It has become a feeding frenzy, even the opposition parties are engulfed in such. Terror Lekota, the leader of the Congress of the People (COPE) has been implicated in scandals ranging from the Iranian cell phone issue with MTN, the First Consult report into the alleged irregular export of South African manufactured Infantry Fighting Vehicles (The Ratels). He continues to criticize the government and is not doing so with clean hands. Lekota is a known Mbeki acolyte. It is all about money, not to create wealth, but to squander.
Where is the money from Gaddafi? Apparently, the road that was built at Nkandla, the President’s homestead was financed with Gaddafi’s money. Gaddafi and Zuma met in 2010. After that meeting, Gaddafi’s money was transported by air to South Africa. This was an operation standing under the control of the African National Congress (ANC). General Shilobane from Defense Intelligence (DI) was the controller of this operation. Gold, diamonds, cash and mostly dollars were a part of this operation.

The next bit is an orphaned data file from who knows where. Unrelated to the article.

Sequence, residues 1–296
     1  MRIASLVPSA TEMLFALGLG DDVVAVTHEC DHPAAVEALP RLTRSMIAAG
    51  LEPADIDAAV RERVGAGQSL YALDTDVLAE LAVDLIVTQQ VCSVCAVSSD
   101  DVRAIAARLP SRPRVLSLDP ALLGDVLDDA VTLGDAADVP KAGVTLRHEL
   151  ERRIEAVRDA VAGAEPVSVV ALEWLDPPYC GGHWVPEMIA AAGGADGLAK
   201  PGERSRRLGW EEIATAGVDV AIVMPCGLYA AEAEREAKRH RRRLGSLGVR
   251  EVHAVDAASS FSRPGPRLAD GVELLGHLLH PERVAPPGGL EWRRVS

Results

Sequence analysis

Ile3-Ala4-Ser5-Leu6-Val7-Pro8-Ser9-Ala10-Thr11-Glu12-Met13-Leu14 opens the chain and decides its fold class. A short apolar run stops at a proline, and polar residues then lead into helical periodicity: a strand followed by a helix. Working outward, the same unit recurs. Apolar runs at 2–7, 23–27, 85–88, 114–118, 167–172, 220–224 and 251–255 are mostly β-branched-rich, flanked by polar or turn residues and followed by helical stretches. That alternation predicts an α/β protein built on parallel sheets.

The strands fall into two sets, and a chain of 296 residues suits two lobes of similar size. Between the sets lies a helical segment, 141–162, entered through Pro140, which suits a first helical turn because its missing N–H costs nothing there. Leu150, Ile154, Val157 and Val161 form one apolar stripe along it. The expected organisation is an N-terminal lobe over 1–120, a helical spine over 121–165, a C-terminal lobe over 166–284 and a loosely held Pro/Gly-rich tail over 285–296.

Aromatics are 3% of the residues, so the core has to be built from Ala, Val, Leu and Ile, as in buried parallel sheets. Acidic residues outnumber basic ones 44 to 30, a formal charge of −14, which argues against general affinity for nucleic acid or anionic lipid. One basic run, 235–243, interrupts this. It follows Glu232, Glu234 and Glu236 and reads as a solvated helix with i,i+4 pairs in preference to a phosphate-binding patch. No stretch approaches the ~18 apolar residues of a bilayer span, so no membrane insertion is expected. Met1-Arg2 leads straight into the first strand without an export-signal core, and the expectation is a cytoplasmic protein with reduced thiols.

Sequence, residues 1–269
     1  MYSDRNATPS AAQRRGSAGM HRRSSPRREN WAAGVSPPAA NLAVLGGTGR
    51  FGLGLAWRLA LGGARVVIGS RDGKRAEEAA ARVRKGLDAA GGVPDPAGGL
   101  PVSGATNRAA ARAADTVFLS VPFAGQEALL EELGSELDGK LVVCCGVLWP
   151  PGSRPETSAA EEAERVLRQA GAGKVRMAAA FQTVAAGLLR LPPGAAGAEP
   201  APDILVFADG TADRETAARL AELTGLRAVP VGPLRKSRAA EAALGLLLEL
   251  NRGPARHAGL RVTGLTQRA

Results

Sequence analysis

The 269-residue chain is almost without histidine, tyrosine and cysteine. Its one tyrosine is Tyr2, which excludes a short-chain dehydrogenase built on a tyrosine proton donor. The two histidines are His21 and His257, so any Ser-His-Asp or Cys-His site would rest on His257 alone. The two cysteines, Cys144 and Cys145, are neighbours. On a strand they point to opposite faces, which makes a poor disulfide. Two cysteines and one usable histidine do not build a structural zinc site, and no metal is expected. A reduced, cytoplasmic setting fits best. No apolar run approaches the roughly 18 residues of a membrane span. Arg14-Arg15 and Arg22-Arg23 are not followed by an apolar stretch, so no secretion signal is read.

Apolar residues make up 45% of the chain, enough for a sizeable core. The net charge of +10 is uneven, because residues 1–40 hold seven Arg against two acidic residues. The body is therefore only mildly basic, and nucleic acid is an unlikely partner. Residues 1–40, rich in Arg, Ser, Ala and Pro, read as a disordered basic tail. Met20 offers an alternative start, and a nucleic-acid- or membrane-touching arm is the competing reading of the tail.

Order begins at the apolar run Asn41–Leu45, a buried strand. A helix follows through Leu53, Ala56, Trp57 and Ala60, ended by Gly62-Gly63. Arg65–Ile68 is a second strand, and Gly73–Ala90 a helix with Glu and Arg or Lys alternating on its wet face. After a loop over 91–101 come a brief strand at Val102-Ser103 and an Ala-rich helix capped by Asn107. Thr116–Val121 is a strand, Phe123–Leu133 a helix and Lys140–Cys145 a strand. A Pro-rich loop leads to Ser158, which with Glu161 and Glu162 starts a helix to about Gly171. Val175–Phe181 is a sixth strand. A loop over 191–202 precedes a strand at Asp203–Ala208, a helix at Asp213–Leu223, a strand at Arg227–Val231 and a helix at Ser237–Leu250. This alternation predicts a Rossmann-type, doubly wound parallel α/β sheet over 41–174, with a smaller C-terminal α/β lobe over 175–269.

Gaddafi was linked to the financing of the oil exploration operations that culminated in viable oil deposits found off shore and in lakes of Malawi, Tanzania, Kenya, Mozambique, Namibia, and Ghana. These finds would double their capacity. Gaddafi played an extensive role in organizing this operation and the impact from the fields producing oil stood to make a huge impact on the local, political, economic and international arena. Gaddafi, had he lived, would have had a significant impact in Africa and around the world.